I’ve read stories about celebrity types feuding over a loved ones remains. Names that come to mind are: singer – James Brown, baseball great – Ted Williams, actor – Peter Lawford, singer – Ray Charles, and actor – Marlon Brando. Never in a million years, did I believe the same could happen to our run-of-the-mill family.
Dad had specific wishes, that when he died, we were to consult the United States Air Force Veterans Association. The military would provide body preparation and burial free of charge. My father didn’t want anyone spending a dime on his funeral. His way of looking at things, was that after 20 years in the service, that’s the least they could still do for him.
He specifically wanted to be buried at Fort Richardson National Cemetery in Anchorage, Alaska. Mom’s interned at Pioneer Cemetery in Palmer, Alaska. That was her choice.
After Mother passed, and before Dad died, my father’s new wife elected to sever all communication with our side of the family. Sadly, that happens more often than you think. This went on for almost seven years. When word came that he’d finally left this earth at the age of 88, there was nothing we could do to make sure Dad’s wishes were followed. My brother tried but was rebuked in the effort.
Jim and I were told that Dad’s body was taken care of by a local Henderson, Nevada funeral home, and that he was entombed at the Southern Nevada Veterans Memorial Cemetery in Boulder some ten miles away. Having no say in the matter, we were at peace believing at least part of his directive was followed.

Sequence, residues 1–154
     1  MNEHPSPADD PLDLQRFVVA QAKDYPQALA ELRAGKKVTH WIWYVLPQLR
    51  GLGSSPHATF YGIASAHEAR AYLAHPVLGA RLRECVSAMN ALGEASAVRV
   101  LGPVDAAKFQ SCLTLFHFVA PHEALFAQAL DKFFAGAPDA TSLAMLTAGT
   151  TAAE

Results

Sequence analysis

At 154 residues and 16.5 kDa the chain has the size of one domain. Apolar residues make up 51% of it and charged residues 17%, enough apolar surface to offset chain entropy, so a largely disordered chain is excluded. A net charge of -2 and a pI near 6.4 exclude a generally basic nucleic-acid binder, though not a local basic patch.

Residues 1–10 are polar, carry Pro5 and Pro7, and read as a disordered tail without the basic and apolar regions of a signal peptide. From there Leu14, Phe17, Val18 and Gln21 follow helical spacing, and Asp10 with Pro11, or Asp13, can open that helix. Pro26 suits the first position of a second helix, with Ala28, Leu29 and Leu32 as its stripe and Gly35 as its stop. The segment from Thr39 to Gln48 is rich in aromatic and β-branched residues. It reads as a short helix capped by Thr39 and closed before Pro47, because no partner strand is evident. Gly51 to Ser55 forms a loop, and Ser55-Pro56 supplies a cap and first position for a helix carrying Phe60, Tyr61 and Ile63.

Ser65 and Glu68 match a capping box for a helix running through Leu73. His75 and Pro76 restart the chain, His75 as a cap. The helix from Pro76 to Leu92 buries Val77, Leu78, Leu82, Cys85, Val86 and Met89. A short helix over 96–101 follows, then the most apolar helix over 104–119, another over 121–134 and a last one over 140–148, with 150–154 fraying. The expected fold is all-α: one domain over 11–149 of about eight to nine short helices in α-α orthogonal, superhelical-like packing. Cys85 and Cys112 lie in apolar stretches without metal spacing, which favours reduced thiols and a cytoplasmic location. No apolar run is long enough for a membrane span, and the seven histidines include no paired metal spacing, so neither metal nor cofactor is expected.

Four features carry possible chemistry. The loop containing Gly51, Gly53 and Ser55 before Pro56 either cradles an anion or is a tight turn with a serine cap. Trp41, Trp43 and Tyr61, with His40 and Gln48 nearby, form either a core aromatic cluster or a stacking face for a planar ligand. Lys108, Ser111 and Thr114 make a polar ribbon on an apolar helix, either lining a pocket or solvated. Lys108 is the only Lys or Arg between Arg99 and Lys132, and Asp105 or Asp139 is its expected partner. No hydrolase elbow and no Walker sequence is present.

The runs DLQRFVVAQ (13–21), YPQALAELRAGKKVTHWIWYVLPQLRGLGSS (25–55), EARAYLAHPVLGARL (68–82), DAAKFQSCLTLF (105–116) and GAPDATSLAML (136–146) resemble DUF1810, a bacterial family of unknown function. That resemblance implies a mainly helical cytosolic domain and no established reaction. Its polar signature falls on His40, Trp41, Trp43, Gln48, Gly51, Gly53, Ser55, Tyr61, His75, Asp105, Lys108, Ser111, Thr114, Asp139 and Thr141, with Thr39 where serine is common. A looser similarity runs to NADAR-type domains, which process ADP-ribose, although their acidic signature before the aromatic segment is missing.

Having a curious nature, my brother eventually called this military cemetery finding that our father wasn’t there. After more checking, Jim discovered that Dad had been cremated and his ashes were never mailed to the spouse nor picked up by her.
Trying to arrange transfer of the urn to us, Jim ran into a serious roadblock. To begin with, the second wife still had rights over it, and even worse, the mortuary holding the cremains, Hites Funeral Home and Crematorium, had been closed down by state officials for wrongful practice.
After many calls, Jim was finally able to locate a city employee that offered to help. Through this person, it was discovered that Dad’s wife was now mentally imbalanced, thus unable to make her own decisions. When it appeared my brother might finally get possession, another hurdle sprang forth.
A person with Clark County Social Services told him that Dad’s cremains had been placed into a vault containing ashes of 59 other destitute people. To say that was a shock is an understatement. Jim was given a location to the crypt and their hours of operation. By now, there was nothing we could do to have them removed without getting attorneys involved. Reluctantly, we agreed to wait things out.
Time turned out to be on our side. After Dad’s second wife died in 2022, Jim petitioned the city to let us have the remains. It didn’t take long before approval was granted.
Our next step is fly with them to Alaska and have the urn reinterred at Fort Richardson National Cemetery. That will fulfill Dad’s wishes other than the cremation part. As hard as we try, there’s no way we can change that.
Our father would be happy knowing “the boys,” especially Jim, fixed something that appeared to be unfixable. The “old man” had a dry sense of humor, and I use those words with reverence.
I visualize him gazing down with a smirk on his face. After all the mix-up that his spouse, funeral home, Clark County, and City of Las Vegas caused, Dad would’ve uttered the following,
“I’m not paying for that!“